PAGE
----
"Dictatorships are all about the dictator."
Rarely, if ever. In the first months after the Arab revolutions began, the world's televisions were filled with instantly iconic images of a crumbling old order: the Ben Ali clan's seaside villa on fire in Tunisia, Hosni Mubarak's stilted pre-resignation speeches in Egypt, Muammar al-Qaddafi's rambling, defiant diatribes from a bombed-out house in Libya. They were a reminder that one of the most enduring political archetypes of the 20th century, the ruthless dictator, had persisted into the 21st.
How persistent are they? The U.S. NGO Freedom House this year listed 47 countries as "not free" -- and ruled over by a range of authoritarian dictators. Their numbers have certainly fallen from the last century, which brought us quite a list: Stalin, Hitler, Pol Pot, Pinochet, Khomeini, and a host of others now synonymous with murderous, repressive government. But invoking such tyrants, while a useful shorthand in international politics, unfortunately reinforces a troublesome myth: that dictatorships are really only about dictators.
Bad Politics, Worse Prose
You can learn a lot about what makes the world's worst dicators tick from the terrible books they write.
The image of a single omnipotent leader ensconced in a mystery-shrouded Kremlin or a garishly ornate presidential palace took hold during the Cold War. But dictatorships don't just run themselves. Performing the basic tasks expected of even a despotic government -- establishing order, levying taxes, controlling borders, and overseeing the economy -- requires the cooperation of a whole range of players: businessmen, bureaucrats, leaders of labor unions and political parties, and, of course, specialists in coercion like the military and security forces. And keeping them all happy and working together isn't any easier for a dictator than it is for a democrat.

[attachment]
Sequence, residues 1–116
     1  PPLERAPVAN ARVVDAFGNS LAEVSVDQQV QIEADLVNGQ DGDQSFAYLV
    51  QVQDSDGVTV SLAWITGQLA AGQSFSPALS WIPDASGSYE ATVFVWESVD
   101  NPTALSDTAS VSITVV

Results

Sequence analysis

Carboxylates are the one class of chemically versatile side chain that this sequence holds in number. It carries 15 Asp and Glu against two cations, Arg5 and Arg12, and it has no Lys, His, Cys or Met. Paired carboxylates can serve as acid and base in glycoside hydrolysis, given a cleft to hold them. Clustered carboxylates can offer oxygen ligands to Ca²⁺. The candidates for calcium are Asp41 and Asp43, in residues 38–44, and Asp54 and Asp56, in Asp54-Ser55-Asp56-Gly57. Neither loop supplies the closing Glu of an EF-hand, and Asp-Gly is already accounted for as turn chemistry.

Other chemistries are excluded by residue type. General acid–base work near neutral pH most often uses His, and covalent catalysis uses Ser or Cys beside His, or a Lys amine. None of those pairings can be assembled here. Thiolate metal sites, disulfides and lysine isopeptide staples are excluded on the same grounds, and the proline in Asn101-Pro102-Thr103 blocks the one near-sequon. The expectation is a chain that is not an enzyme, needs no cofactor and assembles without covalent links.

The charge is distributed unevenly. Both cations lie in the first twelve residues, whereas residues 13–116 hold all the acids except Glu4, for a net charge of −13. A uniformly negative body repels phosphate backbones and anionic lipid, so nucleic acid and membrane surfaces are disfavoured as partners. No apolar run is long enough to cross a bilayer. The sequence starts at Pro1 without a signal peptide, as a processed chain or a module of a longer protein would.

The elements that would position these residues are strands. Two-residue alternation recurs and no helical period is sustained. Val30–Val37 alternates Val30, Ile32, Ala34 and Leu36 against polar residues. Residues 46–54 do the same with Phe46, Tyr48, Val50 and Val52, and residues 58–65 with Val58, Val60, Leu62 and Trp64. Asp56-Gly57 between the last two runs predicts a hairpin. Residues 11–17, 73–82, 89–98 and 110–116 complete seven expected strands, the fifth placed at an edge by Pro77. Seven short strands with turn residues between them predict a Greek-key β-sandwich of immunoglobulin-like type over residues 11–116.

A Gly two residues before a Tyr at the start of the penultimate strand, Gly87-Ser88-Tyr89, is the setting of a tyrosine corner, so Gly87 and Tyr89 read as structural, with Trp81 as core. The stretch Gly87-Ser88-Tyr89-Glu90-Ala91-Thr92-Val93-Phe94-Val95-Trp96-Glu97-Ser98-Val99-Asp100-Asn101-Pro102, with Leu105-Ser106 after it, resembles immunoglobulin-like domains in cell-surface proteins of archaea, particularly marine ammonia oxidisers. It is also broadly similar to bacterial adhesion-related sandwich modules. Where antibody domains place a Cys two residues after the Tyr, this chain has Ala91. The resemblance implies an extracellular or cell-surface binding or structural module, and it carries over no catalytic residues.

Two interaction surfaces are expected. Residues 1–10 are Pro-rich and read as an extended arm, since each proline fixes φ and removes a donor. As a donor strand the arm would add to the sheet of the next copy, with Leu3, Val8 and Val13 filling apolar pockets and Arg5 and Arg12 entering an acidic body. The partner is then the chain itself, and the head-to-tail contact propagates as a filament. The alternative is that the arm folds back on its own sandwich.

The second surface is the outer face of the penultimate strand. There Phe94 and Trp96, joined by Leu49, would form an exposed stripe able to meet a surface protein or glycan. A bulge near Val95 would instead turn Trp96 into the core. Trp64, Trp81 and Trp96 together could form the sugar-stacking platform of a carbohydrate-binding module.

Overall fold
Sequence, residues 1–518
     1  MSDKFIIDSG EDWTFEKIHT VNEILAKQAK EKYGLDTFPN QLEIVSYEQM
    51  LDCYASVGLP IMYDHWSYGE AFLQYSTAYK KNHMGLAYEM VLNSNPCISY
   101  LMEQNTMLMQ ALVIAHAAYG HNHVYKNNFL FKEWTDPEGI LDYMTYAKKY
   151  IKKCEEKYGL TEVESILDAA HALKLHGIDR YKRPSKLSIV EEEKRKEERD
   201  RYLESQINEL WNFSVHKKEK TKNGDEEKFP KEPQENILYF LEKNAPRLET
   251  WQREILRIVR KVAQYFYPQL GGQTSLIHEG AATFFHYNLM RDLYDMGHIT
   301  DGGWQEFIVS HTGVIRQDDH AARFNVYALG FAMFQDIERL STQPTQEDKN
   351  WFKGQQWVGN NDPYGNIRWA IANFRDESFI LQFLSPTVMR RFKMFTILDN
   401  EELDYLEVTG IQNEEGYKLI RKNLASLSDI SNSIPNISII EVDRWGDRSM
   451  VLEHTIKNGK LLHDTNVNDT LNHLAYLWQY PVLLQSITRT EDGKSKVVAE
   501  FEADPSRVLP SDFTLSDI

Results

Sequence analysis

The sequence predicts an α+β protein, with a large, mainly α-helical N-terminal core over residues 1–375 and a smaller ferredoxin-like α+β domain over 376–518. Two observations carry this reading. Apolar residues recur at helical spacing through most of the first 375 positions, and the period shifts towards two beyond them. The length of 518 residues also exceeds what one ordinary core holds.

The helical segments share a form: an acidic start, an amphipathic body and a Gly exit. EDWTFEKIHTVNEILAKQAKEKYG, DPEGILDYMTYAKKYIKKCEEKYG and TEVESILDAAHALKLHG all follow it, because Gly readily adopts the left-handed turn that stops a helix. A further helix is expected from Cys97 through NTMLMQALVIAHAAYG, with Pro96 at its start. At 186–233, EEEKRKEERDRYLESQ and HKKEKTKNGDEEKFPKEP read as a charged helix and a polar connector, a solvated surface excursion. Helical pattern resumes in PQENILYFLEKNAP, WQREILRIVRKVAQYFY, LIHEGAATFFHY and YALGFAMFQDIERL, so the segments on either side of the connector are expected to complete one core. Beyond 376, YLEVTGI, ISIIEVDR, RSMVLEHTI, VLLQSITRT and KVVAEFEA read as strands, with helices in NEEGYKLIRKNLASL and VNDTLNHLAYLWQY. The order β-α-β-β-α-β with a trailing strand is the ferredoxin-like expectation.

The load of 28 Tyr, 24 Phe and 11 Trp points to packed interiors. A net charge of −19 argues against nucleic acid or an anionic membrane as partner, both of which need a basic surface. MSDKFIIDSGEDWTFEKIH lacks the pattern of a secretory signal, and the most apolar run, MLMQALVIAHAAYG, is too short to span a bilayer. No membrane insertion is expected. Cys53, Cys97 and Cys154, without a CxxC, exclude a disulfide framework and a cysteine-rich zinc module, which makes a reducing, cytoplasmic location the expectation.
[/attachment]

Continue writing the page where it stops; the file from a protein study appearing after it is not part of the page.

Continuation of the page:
Different dictatorships have different tools for keeping things running. The communist regimes of the 20th century relied on mass-membership political parties to maintain discipline, as did some non-communist autocracies. The authoritarian system that ruled Mexico for 70 years -- what Peruvian novelist and Nobel Prize winner Mario Vargas Llosa once called "the perfect dictatorship" -- was orchestrated by the nationalist Institutional Revolutionary Party, a massive organization whose influence extended from the president's compound in Los Pinos to the local seats of government in every tiny village. Egypt's recently departed Hosni Mubarak was similarly buttressed for three decades by his National Democratic Party.
Then there's the junta option: a military-run dictatorship. These have advantages -- discipline and order, and the capacity to repress opponents, among them -- but also drawbacks, most notably a small natural constituency that doesn't extend far beyond the epaulet-wearing classes. The generals who ruled Brazil from 1964 to 1985 solved this problem by offering controlled access to a parliament in which economic elites and other powerful interests could voice their demands and participate in governance. However, this proved to be a difficult balancing act for a military that found it hard to manage elections and the pressures of a public increasingly dissatisfied with its record on the economy and human rights, and the generals ultimately headed back to their barracks.
At the extreme, some authoritarian governments do approximate the dictator-centric regimes of the popular imagination. Mobutu Sese Seko, who ruled Zaire (now the Democratic Republic of the Congo) for more than 30 years, and the Duvalier dynasty in Haiti are classic examples. Here, order is maintained largely by distributing patronage through personal or other networks: clans, ethnic groups, and the like. But paradoxically, these are the most unstable dictatorships. Keeping a government operating smoothly is difficult in the absence of a broad organizational or institutional base, and the whole system rises and falls with the fate of one man.
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